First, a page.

Years passed. I didn't understand compromise then and preferred the prospect of working in another field over being crippled in the one I loved; though I eventually finished a CS degree despite having no real hope of returning to software development. I became more academic in the interim. I thought a lot rather than just building things. I liked philosophy and science (and philosophy of science!) and suspected there was some mathematics out there that would be as good as software. After graduating, my project was to discover why people thought mathematics was beautiful; failing that, at least acquire some rudimentery facility with it. That went so so, made a lot of progress—but it wasn't coding. About a year in, though, while explaining to a friend why coding with the Microsoft Kinect wasn't a real solution (with existing IDE's), the kernal of the idea behind Tiled Text occurred to me.

And, like the warrior who has put killing behind him, I blew the dust off my keyboard and set to work: my wrists would hold out for a few months until I could build this thing.

The initial idea was an early form of the code generation concept (didn't understand what a formal grammar was well enough to see how it would relate; thought of making some kind of linguistic constraint description system—thankfully my dad put me off the path of re-inventing the wheel here), but it was augmented in the early days by a few epiphanies. Real, old-fashioned epiphanies: if I were religious I might have thought they were gifts. The first was on the cycling behavior—the other half of the core concept. The second gave the UI concrete form (was still thinking of building it on top of an existing text editor before this). The third mostly related to the architecture, and led to generalizing beyond just code editing.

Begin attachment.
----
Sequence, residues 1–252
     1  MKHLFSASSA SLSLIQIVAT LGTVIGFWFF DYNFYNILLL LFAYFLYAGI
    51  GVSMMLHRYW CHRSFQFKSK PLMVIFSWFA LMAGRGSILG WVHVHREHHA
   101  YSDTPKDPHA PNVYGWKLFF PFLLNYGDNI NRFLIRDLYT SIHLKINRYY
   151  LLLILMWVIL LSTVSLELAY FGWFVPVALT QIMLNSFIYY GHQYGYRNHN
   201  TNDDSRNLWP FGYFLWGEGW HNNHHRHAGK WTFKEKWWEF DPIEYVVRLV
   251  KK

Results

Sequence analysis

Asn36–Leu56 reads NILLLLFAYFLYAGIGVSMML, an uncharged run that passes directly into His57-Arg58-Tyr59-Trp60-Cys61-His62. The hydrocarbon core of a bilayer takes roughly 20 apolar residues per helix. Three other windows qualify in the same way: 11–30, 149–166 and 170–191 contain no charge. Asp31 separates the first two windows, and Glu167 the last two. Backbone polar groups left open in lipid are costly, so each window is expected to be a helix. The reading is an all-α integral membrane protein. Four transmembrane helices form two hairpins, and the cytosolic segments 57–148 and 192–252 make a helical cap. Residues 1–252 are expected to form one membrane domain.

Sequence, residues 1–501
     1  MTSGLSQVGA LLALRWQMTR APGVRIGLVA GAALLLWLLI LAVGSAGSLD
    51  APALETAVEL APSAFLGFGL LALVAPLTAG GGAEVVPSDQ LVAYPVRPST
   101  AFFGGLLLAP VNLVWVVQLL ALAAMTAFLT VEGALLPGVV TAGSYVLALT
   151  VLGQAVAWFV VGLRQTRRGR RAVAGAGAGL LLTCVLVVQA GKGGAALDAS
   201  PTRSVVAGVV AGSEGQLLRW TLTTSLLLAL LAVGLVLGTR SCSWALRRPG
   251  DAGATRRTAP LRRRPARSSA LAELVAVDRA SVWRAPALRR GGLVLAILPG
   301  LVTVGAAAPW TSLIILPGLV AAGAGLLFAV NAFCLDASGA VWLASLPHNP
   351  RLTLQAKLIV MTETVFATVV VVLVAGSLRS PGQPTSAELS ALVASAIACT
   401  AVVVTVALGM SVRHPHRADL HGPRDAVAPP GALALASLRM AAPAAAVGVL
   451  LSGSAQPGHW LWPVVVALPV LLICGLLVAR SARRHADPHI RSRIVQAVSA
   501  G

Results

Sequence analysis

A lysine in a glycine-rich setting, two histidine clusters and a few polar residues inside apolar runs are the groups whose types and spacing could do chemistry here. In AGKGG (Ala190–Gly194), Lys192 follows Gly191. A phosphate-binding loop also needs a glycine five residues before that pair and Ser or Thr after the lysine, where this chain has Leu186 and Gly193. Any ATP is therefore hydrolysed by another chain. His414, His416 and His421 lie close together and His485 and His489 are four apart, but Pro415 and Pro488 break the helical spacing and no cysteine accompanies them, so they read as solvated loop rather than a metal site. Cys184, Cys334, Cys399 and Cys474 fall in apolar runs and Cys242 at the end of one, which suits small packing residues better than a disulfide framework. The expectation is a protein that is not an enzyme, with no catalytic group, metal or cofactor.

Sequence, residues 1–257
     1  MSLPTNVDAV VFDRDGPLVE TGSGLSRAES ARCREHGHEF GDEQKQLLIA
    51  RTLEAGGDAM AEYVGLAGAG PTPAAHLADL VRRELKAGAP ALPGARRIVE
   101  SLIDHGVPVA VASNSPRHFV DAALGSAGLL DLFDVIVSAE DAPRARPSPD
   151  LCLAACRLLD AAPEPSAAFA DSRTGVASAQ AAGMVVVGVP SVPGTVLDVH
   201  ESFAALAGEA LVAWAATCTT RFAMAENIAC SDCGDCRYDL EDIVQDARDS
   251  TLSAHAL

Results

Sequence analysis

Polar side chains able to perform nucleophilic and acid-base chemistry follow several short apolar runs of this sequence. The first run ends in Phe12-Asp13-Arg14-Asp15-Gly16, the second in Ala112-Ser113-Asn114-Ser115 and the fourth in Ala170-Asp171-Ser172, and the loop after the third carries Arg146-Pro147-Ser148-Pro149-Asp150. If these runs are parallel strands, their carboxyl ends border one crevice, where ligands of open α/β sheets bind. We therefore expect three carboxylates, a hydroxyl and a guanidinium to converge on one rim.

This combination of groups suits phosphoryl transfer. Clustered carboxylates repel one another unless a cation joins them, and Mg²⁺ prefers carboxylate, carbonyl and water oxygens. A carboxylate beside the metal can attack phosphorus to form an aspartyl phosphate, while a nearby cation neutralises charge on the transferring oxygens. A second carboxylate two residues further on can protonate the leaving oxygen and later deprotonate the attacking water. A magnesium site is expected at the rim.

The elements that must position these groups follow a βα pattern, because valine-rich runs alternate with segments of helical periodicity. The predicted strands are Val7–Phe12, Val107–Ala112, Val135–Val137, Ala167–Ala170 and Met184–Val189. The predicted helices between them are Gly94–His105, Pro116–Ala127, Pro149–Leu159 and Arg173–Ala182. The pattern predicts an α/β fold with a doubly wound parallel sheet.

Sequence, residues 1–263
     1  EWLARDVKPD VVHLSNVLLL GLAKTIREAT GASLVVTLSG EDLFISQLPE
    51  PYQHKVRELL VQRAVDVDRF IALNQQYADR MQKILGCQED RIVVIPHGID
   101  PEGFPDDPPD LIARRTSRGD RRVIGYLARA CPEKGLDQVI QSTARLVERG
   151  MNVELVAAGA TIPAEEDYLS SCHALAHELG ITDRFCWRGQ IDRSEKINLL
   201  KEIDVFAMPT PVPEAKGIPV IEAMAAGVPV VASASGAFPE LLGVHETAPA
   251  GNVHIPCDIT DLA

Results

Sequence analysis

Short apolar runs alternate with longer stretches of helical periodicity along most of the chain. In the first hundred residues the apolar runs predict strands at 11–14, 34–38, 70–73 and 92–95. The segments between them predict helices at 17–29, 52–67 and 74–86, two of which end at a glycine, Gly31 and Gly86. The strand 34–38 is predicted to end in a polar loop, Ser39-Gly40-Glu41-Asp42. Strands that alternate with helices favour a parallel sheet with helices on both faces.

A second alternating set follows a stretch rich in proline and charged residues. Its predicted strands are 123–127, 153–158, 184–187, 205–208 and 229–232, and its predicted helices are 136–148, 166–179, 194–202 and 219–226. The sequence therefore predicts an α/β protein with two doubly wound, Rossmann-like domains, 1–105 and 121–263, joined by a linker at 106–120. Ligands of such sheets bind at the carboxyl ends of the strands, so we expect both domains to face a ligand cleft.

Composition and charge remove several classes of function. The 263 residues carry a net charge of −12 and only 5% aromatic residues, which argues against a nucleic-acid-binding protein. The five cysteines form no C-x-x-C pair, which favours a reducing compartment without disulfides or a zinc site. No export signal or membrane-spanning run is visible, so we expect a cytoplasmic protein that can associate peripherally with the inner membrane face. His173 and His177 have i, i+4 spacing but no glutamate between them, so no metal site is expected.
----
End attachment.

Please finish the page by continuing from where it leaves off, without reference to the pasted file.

Then there was work. And more work. I worked three days a week stocking groceries and four days a week on the project. I did this for about five months, with constant wrist pain. Then I got Type 1 diabetes. I had medical bills in addition to student loans and was barely scraping by. Then I worked for another 9 months or so, with progress slowing some.

I needed a change. I'd been thinking about moving to Boston for a while, inspired by Paul Graham's comments on it from "Cities and Ambition." And now, here I am, in Harvard Square, excited about whatever's next. I'd like to continue with Tiled Text and GIDE, but I realize that may not be possible. What I really want now is to get in an environment where I can learn from others. I've been working in relative isolation for most of the time I've been programming, but I know the only way for me to progress is working with experts. Of course that will involve typing/mousing, but: ironically, I have learned how to mitigate my wrist pain from mouse/keyboard while working on software to obviate my usage of those devices.

And, incidentally, when I would procrastinate work on Tiled Text, I would often go to math books. My studies at these times were very fruitfull and I think now that mathematics has a chance at contending with coding, and I have finally seen some glimpses of mathematical structures that should be called beautiful.